6.      Get buoyant. The reason a naval vessel can withstand battle is because the ship is compartmented. Each compartment can be sealed off to stop the impact of the damage to another. Networks employ a concept called segmentation that can achieve this same effect when attacked, but only if that segmentation is real. Simply deploying VLANs does not segment the network securely. We need to start deploying access controls on segments, use segmentation firewalls and better configuration of network devices managing traffic. With the right technologies, detecting events, and the right segmentation, we can stop, isolate and limit the impact of attacks to protect critical assets and information. Don’t be afraid to say no to just doing it the easy way.

7.      Get everything backed up. When we talk about backing things up, we often focus on the data alone, which is a huge mistake as many are learning. We also think of backups as having an electronic copy of information on a system. We need to redefine our definition of backup to include everything we need to reconstitute the enterprise, baseline images, configurations, current applications and the data. Secondly, we need to make sure that we have a copy that is air gapped from the rest of the enterprise so that when the unthinkable happens, we have what we need to rebuild. Many victims of malware attacks have had to rebuild from the bare metal, meaning reloading the basic operating system, reloading applications, reapplying configurations and reloading data.  Not having up to date information about any aspect of the current environment can grind that recovery process to slow pace. Don’t be afraid to say no to those who say we can’t take something offline long enough to back up.

8.      Actively monitor. The computing environment that we operate in today generates millions of log events per day, week, and month depending on the size of the organization involved, but regardless of where you fit it, it is not possible for your staff to monitor this activity manually. This is an area where organizations need to seek out a partner, a professional SOC capable of monitoring, alerting and providing early warning - often hours before an event will likely affect you. This is not something most healthcare organizations can do effectively even with tools. Don’t be afraid to say no to unrealistic expectations.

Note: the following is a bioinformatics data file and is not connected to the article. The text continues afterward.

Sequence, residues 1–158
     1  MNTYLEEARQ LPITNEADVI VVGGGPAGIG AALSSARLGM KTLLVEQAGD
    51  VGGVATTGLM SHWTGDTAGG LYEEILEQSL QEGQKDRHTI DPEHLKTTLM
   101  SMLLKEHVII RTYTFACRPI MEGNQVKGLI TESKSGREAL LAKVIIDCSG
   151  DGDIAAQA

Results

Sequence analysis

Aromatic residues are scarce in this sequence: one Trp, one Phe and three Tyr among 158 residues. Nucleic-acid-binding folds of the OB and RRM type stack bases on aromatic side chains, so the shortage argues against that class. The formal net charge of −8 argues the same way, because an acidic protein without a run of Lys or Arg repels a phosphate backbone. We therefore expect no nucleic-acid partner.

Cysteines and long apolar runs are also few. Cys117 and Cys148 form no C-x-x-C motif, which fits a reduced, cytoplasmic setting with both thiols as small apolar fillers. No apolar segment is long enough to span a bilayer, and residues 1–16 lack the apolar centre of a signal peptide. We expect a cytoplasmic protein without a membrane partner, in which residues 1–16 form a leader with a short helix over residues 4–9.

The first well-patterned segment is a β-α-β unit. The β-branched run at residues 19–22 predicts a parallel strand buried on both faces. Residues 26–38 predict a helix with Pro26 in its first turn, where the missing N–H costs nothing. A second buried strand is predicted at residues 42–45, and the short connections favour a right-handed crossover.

9.      Get organized. Fire drills have never particularly been anyone’s favorite activity, but well organized ones that end quickly or ones that worked in a real crisis were appreciated and made a difference. Responding to cyber incidents is no different. You need a process, you need people who know how to run it, you need the right equipment to support them, you need a communications plan, you need the right responders, you need to stop the event, isolate the intruder/infection, analyze/investigate the cause, eliminate the attacker, restore the enterprise and all the while continue to operate.  This will not happen by accident. Plan, train, exercise, perform, learn. Don’t be afraid to say no to those who say we don’t have time to practice.

Get confident. Create the cybersecurity strategy that gives the organization the confidence to handle whatever comes without impacting the mission. Knowing that you have a better than average chance of seeing events before they can do real damage, you can respond to mitigate the attack,  forcing the attacker to work for whatever they get, and in the worst-case, you can reconstitute quickly and efficiently provide real confidence in your computing environments. It also provides the confidence to just say no to ransom demands. Paying a ransom only guarantees a positive outcome for the attacker, which just further incentivizes them to go after others. Spend that money elsewhere like better defenses, better warning, better responding or better recovery.

Mac McMillan is president and CEO of the Austin, Texas-based CynergisTek consulting firm.

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Health First Data Breach Exposes Information of 42K Patients

November 15, 2018
by Rajiv Leventhal, Managing Editor
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A data breach at Florida-based Health First exposed the personal information of some 42,000 patients, according to various industry media reports this week.

The website reported that in early October, the healthcare provider Health First notified the Department of Health & Human Services (HHS) of a breach that affected 42,000 patients.  The breach actually occurred earlier in the year, however, between February and May 2018, according to the report, which received a statement from the organization’s senior vice president, consumer and retail services.

The Health First executive noted that “a small number of our employees were the victims of a phishing scam which compromised some of our customers’ information. The criminals were able to gain access of these employees’ email accounts for a limited period of time.”